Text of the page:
** ''CinderellaIIIATwistInTime'' is ''way'' darker/edgier than [[{{Disney/Cinderella}} the original classic]]. We have Lady Tremaine concocting a very diabolical plan, this time with dark magic on her side, a demonic pumpkin carriage that nearly carries Cinderella to her doom and a pretty intense climax. In addition, Cinderella and her prince [[TookALevelInBadass take levels in badass]].
* ''WesternAnimation/HowToTrainYourDragon'' wasn't ''that'' dark or edgy, but it was more serious compared to most of Creator/DreamWorks' other animated films, and it's certainly Darker And Edgier than the book it was based on.
** [[WesternAnimation/HowToTrainYourDragon2 The sequel]] takes it further. Here, the BigBad wants to enslave all dragons, there is a battle with a gigantic ice dragon and [[spoiler: one of the main characters dies]].
* The 2009 made-for-DVD animated film ''Film/WonderWoman'' takes this approach. Wonder Woman is shown killing on numerous occasions, including cold-bloodedly killing several guards (including two who have their throats cut ''by her tiara''). The film also ramps up the sexual innuendo.
* The ''GIJoe'' animated film ''GIJoeResolute'' predated the live-action ''GIJoeTheRiseofCobra'' in depicting the Joes as actually hitting and killing enemy soldiers, something that was rather glossed over in the classic TV series.
* ''WesternAnimation/KungFuPanda2'' is significantly darker than [[WesternAnimation/KungFuPanda the first film]]. Multiple characters are KilledOffForReal on screen, (though we don't see their bodies) and the NeverSayDie rule is broken a LOT, to the point where it seems like "death", "dead", and "kill" are used every other sentence. The villain wants to take over all of China with giant cannons that are seemingly unstoppable and really are used to kill. And then there's the repressed memories of Po's traumatizing childhood, which involved the attempted genocide of his entire species.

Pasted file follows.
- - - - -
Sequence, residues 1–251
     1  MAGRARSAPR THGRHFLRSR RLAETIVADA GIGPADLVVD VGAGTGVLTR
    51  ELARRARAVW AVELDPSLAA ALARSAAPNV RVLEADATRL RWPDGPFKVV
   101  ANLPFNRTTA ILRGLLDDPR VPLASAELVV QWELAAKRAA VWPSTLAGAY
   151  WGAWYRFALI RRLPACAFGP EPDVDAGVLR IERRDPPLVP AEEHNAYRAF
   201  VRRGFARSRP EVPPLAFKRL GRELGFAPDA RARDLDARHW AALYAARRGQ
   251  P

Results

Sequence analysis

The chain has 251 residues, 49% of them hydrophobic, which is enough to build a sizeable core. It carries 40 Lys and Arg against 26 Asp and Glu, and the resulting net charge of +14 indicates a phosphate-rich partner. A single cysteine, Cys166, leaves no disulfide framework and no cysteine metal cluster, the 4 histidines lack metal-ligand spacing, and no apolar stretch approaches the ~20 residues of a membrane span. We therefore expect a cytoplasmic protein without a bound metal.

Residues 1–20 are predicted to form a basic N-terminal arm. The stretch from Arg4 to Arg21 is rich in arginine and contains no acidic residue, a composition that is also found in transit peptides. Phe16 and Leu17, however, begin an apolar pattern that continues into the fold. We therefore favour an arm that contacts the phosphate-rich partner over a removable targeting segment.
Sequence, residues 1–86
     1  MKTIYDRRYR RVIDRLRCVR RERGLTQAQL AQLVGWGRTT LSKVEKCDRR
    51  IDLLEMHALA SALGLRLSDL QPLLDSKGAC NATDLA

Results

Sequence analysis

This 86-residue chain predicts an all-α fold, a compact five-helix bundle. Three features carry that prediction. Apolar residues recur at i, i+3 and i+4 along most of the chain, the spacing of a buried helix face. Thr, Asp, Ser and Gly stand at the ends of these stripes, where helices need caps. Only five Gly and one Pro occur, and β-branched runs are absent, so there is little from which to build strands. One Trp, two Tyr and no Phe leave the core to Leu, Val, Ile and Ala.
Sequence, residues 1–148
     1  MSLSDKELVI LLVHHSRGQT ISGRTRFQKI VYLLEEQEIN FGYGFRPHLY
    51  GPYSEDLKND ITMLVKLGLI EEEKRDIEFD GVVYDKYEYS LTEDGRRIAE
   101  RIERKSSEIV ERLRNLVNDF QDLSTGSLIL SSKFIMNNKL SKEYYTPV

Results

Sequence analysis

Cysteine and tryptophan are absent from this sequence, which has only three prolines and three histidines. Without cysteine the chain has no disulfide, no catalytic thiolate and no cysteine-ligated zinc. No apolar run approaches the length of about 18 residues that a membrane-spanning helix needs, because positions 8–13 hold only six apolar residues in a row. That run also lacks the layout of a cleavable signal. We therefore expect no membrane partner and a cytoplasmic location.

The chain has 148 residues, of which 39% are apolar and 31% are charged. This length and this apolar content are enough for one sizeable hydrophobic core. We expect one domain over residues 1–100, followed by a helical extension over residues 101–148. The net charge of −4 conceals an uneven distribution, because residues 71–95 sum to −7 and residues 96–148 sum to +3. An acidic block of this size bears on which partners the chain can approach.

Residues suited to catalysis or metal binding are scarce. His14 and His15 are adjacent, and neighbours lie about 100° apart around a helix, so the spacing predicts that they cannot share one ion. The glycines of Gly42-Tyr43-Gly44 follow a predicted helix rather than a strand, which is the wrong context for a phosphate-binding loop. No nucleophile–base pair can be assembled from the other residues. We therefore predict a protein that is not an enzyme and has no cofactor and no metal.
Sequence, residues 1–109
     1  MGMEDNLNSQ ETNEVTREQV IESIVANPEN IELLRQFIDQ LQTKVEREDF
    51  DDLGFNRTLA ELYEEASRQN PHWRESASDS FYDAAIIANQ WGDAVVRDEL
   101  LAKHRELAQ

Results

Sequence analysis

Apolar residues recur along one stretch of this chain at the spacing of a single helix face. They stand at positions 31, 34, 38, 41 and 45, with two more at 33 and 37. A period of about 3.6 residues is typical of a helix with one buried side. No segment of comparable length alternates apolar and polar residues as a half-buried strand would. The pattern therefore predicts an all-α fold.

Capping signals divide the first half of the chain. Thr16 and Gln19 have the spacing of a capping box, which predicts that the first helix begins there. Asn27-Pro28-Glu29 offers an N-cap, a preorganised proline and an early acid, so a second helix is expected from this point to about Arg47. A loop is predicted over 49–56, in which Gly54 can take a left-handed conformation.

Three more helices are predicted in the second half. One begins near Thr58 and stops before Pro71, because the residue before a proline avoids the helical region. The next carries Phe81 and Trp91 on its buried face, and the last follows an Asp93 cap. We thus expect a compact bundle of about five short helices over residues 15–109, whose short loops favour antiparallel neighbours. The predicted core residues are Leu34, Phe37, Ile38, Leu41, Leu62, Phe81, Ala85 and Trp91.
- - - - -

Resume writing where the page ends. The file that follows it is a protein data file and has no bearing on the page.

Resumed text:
** The first film was also an example in comparison to most other DreamWorksAnimation films at the time, which were mostly pure comedy while ''WesternAnimation/KungFuPanda'' is an ''action''/comedy with some pretty serious drama thrown in as well. Even the comedy is a bit more mature, with Dreamworks dropping the pop-culture jokes that they had been previously known for. This is a trend that would later be continued by WesternAnimation/HowToTrainYourDragon.
* ''WesternAnimation/TransformersTheMovie'' compared to most of the rest of the series, the original series occasionally took a darker turn but everything usually turned out fine in the end, but in the movie the vast majority of the original Autobots are killed within the first 20 minutes in increasingly gruesome manners Optimus Prime included, later the surviving Autobots (mostly newer characters) band together to save the world from Unicron, a [[PlanetEater planet eating]] Transformer, while having to avoid Galvatron, the rebuilt Megatron.
* ''Anime/DigimonXEvolution''. When Digimon die, they actually leave their corpses behind, the hero has an attack called "All Delete", and previous heroes are ruthless killers.
* ''WesternAnimation/{{Epic}}'' is this to Creator/BlueSkyStudios' [[WesternAnimation/{{Robots}} other]] [[WesternAnimation/{{Rio}} films]]. As Blue Sky stuck mainly with comedies, this is their first film where the action is pushed to the forefront. Characters die, and a few have major daddy issues.
*** With an ending thats pretty bittersweet.
* ''WesternAnimation/DespicableMe'': In the first film, when the girls were taken by Vector, things just got really serious. Especially the sequel, NeverSayDie is averted multiple times, and [[spoiler: the villain's plans for global domination are to set the BrainwashedAndCrazy minions (who are turned into [[OmnicidalManiac omnicidal maniacs]] as a result of the PX-41 serum) onto the major continents if world's leaders don't hand over control to him. And he wants Gru to help him.]]
* ''WesternAnimation/TheSecretOfNIMH'' is much more frightening than than the novel ''Literature/MrsFrisbyAndTheRatsOfNIMH''. While it has does have some elements of {{Disneyfication}}, the majority of the events are PlayedForDrama more than in the book, considering the protagonist is a mouse. For example, Brutus scares off Mrs. Brisby with a spear rather than simply turning her back from the rosebush. Then there's onscreen blood, an evil villain, multiple [[FamilyUnfriendlyDeath violent deaths]], and the threat of [[spoiler:Mrs. Brisby's home sinking into the mud]], all of which were completely absent from the novel. The director and producers ''tried'' to get a PG rating to [[AvoidTheDreadedGRating appeal to a wider audience]], but it rated G anyway.